That reliance may in part be due to then-Chairman Clayton's own remarks. Indeed, he testified before Congress that the process Hinman identified was "the approach staff takes to evaluate whether a digital asset is a security." Jay Clayton, Testimony on “Oversight of the U.S. Securities and Exchange Commission” Before the Committee on Financial Services (2018.06.21). He reiterated that statement two months later in a speech:
From the latest SEC filing: “The Speech was not binding SEC policy--that is, a pronouncement of the Commission itself, the Commissioners appointed by the President with the Senate’s advice and consent.” The head of the Commission: pic.twitter.com/SCRW8VngIF
— Eleanor Terrett (@EleanorTerrett) July 27, 2022
Jay Clayton, Remarks on Capital Formation at the Nashville 36|86 Entrepreneurship Festival (2018.08.29). Shortly afterwards, however, Clayton issued a statement that, at least arguably, implicitly retracted this endorsement, noting that "all staff statements are nonbinding and create no enforceable legal rights or obligations of the Commission or other parties." Jay Clayton, Statement Regarding SEC Staff Views (2018.09.13).
Since his appointment by President Biden in April 2021, Chairman Gary Gensler has made numerous statements regarding the SEC’s priorities with respect to cryptocurrency and enforcement of the securities laws in the digital asset space. Starting in September 2021, Gensler testified before the Senate Committee on Banking that “large parts of the field of crypto are sitting astride of — not operating within — regulatory frameworks,” commented that it was akin to “the Wild West or the old world of ‘buyer beware’ that existed before the securities laws were enacted,” and gave a high level overview of the areas of the field the SEC was looking to regulate. See Gary Gensler, Testimony Before the United States Senate Committee on Banking, Housing, and Urban Affairs, at 5 (2021.09.14). Those included: (1) crypto tokens, (2) crypto exchanges and lenders, (3) stablecoins, (4) investments offering exposure to crypto assets, and (5) custody of crypto assets. Id. at 5–6.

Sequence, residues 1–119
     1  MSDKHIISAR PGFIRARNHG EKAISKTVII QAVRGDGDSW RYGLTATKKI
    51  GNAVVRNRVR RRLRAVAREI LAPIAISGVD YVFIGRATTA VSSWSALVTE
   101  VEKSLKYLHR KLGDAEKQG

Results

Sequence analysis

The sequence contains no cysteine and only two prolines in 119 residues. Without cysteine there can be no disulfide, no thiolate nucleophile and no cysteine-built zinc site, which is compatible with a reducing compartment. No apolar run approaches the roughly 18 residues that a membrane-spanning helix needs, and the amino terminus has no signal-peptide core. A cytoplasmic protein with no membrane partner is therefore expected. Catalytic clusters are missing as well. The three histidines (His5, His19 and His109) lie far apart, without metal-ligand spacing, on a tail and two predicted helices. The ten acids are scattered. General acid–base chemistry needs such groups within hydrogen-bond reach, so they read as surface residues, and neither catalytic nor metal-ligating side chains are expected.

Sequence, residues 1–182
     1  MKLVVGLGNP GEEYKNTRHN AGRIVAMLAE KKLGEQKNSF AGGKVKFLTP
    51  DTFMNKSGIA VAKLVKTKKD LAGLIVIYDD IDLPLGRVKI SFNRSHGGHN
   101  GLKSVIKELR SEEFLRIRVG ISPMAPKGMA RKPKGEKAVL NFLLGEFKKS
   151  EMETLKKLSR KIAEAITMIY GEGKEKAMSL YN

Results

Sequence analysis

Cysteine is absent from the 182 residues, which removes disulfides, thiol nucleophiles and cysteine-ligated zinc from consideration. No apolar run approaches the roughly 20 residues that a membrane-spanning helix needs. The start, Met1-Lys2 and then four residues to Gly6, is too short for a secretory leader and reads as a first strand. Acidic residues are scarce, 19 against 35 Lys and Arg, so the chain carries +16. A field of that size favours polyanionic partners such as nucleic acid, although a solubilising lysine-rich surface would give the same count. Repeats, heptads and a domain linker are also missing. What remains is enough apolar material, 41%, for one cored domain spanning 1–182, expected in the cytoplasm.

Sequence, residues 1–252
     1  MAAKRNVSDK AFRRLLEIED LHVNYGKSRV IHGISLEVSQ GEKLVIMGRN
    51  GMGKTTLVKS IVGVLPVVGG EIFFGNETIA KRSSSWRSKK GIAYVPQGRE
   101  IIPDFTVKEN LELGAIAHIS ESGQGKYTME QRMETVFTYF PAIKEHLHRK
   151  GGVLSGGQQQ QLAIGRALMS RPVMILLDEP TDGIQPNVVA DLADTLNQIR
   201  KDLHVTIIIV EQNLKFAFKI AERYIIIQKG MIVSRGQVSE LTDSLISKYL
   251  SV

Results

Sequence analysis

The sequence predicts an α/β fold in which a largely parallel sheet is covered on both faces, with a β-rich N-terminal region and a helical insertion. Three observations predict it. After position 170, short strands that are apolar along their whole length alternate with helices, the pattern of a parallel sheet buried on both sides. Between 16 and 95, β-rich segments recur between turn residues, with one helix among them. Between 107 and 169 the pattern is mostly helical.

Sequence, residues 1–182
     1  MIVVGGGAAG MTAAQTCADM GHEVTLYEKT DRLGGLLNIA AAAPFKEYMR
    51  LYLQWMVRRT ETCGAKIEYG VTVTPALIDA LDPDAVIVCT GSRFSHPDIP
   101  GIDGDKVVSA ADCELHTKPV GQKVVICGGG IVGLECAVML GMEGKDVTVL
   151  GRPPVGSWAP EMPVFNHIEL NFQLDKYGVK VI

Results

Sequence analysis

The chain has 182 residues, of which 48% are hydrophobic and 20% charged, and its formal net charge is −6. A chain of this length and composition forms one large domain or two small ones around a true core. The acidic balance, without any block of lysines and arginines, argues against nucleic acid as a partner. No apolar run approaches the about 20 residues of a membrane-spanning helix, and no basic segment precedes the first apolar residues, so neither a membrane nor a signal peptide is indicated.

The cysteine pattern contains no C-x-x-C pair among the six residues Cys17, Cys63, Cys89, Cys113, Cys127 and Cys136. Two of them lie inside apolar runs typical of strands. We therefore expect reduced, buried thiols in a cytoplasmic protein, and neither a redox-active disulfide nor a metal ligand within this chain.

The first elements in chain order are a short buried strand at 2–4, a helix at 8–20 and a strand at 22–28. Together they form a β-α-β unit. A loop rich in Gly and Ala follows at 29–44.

Gensler also noted the SEC was working with the CFTC because the two agencies had “overlapping jurisdiction” of certain crypto assets, and also with “the Federal Reserve, Department of Treasury, Office of the Comptroller of the Currency, and other members of the President’s Working Group on Financial Markets.” His testimony highlighted the rapidly intertwining regulatory landscape and the need for crypto companies to stay abreast of the guidance from multiple federal agencies. Emphasizing the significant enforcement actions the SEC had already taken, Gensler concluded by noting that “the probability is quite remote that, with 50, 100, or 1,000 tokens, any given platform has zero securities.” Id. at 6. Gensler repeated the same testimony before the House Committee on Financial Services several weeks later. See Gary Gensler, Testimony Before the United States House of Representatives Committee on Financial Services (2021.10.05).